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S1 (E121)


woolybanana

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Interesting point, but as most of the other charges I used to have on my bulletin de salaire were for things like pension, unemployment etc which are not valid for retired people I have always assumed it was just health.

If that is the same for people who are under retirement age and have one because of other entitlement I am not sure.

I certainly can't give a definitive answer.

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It seems that French people have to go on paying some social security contributions on their pensions whenn they retire whereas expats do not, and I was wondering whether the S1 covers that or just health. Of course, what is behind this is the thought that the nasty party that has just scratched and crawled its way into power might try and make us pay the same charges as French retirees, especially as the system for collecting same is about to be amalgamated with les impots.
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Health only.  S1 holders (E121/106 et al) are not entitled to any other social security payments from France - ie disabled benefits, redundancy and unemployment payments, pensions,etc.  I have always assumed that that is why, if you are entitled to any other benefits via work over here, you cannot use an S1 for your healthcare, you must use the French system.

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I don't think there are any actual côtisations to pay by retired people in France, it's just the damned contributions sociales ( contribution sociale généralisée (CSG), contribution au remboursement de la dette sociale (CRDS)

These don't actually pay for things, they are simply repaying the debt of the Sécu..

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Health, only health cover WB.

What happens to us is, we get debited by the french pension people (all of them) each month for health care, it is health care, as we do not pay CSG etc. They  issue the S1 which goes to Newcastle and pay the UK for our health care. So it is paying Peter to pay Paul and it means that as retirees in the UK, we pay for health care.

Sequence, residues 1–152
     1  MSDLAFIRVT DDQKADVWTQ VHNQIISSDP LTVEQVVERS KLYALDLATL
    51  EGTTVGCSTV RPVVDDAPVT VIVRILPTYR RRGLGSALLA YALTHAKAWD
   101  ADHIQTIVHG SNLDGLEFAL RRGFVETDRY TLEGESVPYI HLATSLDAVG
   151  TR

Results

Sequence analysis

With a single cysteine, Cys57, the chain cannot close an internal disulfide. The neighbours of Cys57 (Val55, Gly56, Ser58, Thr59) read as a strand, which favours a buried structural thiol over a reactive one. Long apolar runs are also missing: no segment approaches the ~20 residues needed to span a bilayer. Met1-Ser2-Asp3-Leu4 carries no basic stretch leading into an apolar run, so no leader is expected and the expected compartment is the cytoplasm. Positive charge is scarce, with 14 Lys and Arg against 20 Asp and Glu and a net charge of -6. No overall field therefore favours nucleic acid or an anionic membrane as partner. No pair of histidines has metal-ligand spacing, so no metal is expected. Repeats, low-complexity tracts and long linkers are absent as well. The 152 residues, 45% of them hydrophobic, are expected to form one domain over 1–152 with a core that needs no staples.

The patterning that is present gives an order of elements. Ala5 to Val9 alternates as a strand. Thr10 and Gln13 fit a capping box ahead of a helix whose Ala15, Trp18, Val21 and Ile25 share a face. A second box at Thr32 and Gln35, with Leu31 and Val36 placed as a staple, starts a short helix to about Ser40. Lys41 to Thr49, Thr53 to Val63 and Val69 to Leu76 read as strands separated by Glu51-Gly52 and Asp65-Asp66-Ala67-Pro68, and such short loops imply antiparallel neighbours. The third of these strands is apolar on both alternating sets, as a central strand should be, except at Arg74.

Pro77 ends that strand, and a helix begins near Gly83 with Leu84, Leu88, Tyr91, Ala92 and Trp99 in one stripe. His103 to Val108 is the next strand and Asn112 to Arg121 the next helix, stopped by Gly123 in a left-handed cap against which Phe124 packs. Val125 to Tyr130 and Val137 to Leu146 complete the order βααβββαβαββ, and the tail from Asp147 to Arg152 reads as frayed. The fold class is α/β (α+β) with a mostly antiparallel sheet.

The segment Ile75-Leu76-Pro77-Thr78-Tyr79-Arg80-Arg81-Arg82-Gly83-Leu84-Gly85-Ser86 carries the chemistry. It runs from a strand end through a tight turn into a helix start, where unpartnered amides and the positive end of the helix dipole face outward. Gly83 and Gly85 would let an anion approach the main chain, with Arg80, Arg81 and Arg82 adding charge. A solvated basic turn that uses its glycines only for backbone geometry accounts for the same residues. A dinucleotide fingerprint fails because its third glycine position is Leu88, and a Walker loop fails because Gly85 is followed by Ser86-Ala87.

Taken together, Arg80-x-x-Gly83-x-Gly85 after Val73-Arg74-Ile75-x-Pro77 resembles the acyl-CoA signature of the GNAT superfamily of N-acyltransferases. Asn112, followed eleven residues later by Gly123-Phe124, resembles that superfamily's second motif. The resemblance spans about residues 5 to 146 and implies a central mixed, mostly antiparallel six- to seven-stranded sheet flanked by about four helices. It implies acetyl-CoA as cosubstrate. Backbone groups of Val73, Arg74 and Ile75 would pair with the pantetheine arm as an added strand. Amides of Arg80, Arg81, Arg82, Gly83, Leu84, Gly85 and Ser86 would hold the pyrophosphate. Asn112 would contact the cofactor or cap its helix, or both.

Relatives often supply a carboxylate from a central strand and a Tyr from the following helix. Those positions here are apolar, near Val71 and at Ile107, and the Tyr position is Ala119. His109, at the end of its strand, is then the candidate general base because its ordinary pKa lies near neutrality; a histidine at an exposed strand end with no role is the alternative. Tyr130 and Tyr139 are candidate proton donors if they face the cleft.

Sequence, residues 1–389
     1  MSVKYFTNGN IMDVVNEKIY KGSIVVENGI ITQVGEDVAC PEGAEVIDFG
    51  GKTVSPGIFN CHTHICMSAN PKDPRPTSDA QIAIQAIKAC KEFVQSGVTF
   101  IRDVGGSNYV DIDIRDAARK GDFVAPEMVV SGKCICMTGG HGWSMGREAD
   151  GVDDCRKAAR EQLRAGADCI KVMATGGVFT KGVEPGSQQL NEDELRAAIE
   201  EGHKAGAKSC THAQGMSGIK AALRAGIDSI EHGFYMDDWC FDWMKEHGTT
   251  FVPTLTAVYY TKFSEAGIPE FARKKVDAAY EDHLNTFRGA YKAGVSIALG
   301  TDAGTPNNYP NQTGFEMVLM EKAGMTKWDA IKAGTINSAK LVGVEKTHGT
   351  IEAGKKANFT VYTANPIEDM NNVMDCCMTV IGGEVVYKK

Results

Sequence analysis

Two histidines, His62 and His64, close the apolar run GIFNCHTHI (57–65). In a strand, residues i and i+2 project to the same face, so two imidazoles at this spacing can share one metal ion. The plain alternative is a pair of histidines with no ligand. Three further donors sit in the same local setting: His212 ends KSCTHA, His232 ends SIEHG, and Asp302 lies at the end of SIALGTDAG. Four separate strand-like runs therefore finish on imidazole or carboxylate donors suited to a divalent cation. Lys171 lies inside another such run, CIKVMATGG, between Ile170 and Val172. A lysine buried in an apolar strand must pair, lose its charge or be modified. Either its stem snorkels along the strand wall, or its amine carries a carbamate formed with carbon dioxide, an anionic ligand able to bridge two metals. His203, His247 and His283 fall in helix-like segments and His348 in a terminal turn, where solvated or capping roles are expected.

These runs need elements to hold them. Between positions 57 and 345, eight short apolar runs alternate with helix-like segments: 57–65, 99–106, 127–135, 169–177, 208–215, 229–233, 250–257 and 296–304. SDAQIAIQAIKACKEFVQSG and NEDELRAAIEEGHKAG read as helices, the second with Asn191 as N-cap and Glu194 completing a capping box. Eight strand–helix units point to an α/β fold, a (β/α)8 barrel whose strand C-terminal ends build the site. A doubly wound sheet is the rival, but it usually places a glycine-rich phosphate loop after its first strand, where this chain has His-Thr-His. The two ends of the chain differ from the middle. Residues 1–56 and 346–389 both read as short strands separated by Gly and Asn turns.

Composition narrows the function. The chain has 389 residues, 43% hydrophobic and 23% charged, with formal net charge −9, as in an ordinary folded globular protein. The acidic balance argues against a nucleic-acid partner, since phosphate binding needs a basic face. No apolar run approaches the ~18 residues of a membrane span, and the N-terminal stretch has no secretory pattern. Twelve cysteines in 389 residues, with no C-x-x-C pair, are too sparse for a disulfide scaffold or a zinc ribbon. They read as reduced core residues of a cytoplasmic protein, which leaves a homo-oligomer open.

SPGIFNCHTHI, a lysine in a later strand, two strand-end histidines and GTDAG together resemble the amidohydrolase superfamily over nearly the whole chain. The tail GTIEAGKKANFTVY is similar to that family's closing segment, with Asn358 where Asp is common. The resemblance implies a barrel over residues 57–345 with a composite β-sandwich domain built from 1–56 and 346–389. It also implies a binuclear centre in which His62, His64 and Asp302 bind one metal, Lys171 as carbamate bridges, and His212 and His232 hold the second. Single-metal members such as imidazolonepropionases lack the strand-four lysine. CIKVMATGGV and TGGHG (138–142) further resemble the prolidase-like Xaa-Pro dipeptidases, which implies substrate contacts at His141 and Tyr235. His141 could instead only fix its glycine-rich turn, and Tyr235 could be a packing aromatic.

Ofcourse once the UK pension kicks in, this will stop and the french pension service will pay brut and we will not pay for health care in the UK, but that is some time off.

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I recently read, and thought I had bookmarked but hadn't, an article which said that as part of the May 2010 EU wide changes the UK now reimburses France the actual cost of healthcare for S1 holders as opposed to the blanket annual lump sums they used to pay.

I don't know if that is just the 70% or the full amount if for ALD related treatment.

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Not what I saw but I think perhaps para 24 refers:

http://eur-lex.europa.eu/Notice.do?val=495842:cs&lang=es&list=495842:cs,&pos=1&page=1&nbl=1&pgs=10&hwords=&checktexte=checkbox&visu=

Still looking !

This also refers:

http://eur-lex.europa.eu/LexUriServ/LexUriServ.do?uri=CELEX:32010D0427%2803%29:EN:NOT

It seems that what has changed is that member states now have the choice between flat rate payments and reimbursement of actual cost's and UK have decided on the latter.

The piece I found originally was much clearer in stating this.

Still looking !

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This sounds like a bureaucratic nightmare for the UK, given that the actual costs of treatments etc don't seem to be as transparently obvious as they are here. Are health practitioners in Britain really going to figure out the itemised costs of every treatment given to a non-British resident from the EU who has an S form?

I can see France taking this option since so many S1 holders are older, but the reverse seems a bit odd to me.

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[:D] When I called to pick up a new presciption at my chemists, I asked how much it cost. They did not know! This is not NHS run, it is either a company or owned by a chemist and they did not know.

If they cannot cost things, how could they bill the french.

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As NHS prescription medicines are unitised @ £7.65 per item asking the actual price at the checkout is bound to meet with a blank stare as they simply do not have or need that information on a day to day basis. Since the business has had to buy them though if genuinely needed the prices will be a matter of record.

BTW, when collecting prescriptions in the UK always ask if the item(s) are prescription only. No sense in paying £7.65 for an item when off the shelf it's £1.99 !

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I have taken a prepaid prescription, so it works out to about £10 a month, which is a lot cheaper than any mutualist we ever had. Would that I could get the prepaid thing for hospital parking.

 

They introduced paid parking at our local hospital in France, but patients did have a free hour.

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